When buying a new (or newer) home, buyers often assume that, since the construction is new (or relatively new), there should not be any problems with the building. Unfortunately, skimping out on a home inspection could cost you a lot more than what it costs to have it inspected. What the inspector finds could have a significant impact on your real estate transaction.

Your prospective home should always be inspected by a reputable home inspector. Realtors may recommend inspectors for you, but often it’s best to get in contact with the Better Business Bureau and have an inspector recommended to you.

Having the inspection done, you’ll be able to find any areas of concern or not up-to-code. It is often best to have the inspection done BEFORE the transaction is complete, as the results of the inspection may indicate repairs that should be completed before moving in. If you can’t have an inspector come to the home before the transaction is complete, make sure you have it addressed as part of the transaction in writing. Also, you may be able to work with the seller of the house on negotiating repairs, or re-negotiating the offer with your Realtor based on the findings in the inspection.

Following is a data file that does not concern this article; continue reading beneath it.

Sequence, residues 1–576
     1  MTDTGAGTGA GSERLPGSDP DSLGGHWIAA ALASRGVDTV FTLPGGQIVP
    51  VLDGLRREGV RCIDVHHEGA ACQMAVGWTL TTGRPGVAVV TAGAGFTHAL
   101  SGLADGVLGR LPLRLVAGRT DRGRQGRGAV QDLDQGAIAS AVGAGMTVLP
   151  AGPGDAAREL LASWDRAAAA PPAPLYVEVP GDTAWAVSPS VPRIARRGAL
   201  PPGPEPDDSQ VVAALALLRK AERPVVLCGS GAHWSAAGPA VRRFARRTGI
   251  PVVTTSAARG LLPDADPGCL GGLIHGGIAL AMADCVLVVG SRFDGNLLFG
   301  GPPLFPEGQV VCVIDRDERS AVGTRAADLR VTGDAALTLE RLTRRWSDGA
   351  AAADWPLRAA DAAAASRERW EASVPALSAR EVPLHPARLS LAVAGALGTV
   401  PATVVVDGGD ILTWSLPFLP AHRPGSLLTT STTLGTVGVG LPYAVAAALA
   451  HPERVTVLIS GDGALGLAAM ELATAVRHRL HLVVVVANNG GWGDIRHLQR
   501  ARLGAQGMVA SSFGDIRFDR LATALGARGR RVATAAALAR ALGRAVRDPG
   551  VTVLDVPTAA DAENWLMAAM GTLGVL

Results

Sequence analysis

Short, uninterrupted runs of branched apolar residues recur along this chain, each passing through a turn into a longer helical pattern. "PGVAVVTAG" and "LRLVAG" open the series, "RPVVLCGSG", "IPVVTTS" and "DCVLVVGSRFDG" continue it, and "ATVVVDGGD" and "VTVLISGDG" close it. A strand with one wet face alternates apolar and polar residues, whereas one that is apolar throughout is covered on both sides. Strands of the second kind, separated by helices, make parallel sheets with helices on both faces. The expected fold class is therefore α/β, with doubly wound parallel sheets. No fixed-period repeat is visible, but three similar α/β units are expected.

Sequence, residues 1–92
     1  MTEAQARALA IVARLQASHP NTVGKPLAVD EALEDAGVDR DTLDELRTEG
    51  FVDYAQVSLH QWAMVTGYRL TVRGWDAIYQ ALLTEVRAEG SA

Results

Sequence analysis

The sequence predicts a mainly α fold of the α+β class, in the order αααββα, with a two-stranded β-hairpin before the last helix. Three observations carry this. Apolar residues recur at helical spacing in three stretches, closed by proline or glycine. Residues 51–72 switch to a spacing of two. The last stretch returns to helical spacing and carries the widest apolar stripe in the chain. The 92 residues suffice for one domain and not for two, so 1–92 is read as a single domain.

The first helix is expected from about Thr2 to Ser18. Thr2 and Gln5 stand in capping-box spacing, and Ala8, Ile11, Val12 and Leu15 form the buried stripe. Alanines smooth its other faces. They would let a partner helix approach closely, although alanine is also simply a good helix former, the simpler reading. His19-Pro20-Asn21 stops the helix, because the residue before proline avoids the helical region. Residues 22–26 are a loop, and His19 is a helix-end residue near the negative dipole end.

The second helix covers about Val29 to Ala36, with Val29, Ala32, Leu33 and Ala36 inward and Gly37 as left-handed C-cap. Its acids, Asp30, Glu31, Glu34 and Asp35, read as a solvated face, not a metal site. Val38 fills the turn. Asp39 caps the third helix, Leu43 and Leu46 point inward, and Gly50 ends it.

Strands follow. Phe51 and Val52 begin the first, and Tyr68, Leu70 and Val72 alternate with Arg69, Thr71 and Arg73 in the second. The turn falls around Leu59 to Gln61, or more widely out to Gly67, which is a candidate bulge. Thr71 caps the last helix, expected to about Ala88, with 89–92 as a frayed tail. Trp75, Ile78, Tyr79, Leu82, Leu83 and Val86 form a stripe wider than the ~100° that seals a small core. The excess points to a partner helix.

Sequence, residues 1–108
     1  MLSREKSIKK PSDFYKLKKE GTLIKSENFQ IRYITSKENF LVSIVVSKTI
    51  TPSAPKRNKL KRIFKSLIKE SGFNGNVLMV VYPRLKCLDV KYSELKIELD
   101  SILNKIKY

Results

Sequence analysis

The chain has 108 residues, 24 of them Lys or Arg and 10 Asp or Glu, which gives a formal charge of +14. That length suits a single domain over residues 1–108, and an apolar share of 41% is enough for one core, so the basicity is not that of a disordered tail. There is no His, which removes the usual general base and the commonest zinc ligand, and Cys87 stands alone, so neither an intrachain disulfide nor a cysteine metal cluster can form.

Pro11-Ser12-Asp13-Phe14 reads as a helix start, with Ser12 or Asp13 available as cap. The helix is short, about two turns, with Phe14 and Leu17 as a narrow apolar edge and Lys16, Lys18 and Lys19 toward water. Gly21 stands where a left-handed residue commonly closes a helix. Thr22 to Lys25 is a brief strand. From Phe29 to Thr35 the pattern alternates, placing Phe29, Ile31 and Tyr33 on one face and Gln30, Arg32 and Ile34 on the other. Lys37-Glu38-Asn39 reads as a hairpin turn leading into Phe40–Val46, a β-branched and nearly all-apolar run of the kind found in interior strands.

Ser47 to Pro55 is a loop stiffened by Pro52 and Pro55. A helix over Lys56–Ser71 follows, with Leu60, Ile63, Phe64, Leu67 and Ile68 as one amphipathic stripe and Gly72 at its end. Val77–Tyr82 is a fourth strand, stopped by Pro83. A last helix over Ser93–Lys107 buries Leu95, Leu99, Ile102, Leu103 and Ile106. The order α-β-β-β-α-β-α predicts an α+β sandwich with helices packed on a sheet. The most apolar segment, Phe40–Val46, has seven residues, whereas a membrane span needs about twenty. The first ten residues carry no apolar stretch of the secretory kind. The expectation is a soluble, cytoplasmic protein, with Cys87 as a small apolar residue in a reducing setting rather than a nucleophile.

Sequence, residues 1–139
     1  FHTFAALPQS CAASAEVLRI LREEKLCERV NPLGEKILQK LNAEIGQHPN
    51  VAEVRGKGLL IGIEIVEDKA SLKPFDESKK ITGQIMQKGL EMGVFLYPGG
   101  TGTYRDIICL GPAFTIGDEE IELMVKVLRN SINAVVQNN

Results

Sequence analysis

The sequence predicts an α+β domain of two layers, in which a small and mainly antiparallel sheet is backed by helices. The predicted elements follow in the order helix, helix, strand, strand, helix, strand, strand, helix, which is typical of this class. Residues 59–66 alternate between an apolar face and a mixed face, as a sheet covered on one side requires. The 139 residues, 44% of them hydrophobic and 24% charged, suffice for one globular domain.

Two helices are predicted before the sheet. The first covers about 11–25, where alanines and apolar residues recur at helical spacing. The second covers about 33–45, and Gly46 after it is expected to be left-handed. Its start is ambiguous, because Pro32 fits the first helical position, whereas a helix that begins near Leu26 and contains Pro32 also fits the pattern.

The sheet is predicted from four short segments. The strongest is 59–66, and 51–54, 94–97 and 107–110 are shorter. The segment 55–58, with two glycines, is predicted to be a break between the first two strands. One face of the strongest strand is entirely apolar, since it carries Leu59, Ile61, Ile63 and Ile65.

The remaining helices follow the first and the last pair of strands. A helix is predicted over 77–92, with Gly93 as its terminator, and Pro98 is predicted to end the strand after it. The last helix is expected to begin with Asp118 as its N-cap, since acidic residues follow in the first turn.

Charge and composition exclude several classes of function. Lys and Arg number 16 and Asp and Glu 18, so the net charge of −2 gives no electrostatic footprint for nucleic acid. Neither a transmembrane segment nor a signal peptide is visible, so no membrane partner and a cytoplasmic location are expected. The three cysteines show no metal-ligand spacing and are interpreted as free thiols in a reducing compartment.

A good inspector will take his time with the home inspection, and while they are inspecting you should avoiding bothering them. Although it’s not necessary to be there during the inspection, it’s a good idea to show up at the end for the written report. The inspector will give you a detailed written report after the inspection is complete. This will include everything from wiring and foundation and walls, to plumbing, roofing and doors and windows. In the inspection they will highlight areas of concern, which will give you a clear indication of whether you’re getting what you’re paying for.

Home inspectors examine a building — they don’t determine its market value. If you are interested in the market value of the structure, it’s best to have it appraised. Home inspectors can highlight future issues or items that may not be up to building standards, or need addressing. When buying or selling, it’s often best to have your home inspected. This can be useful for future reference and a good document to have on your new home.

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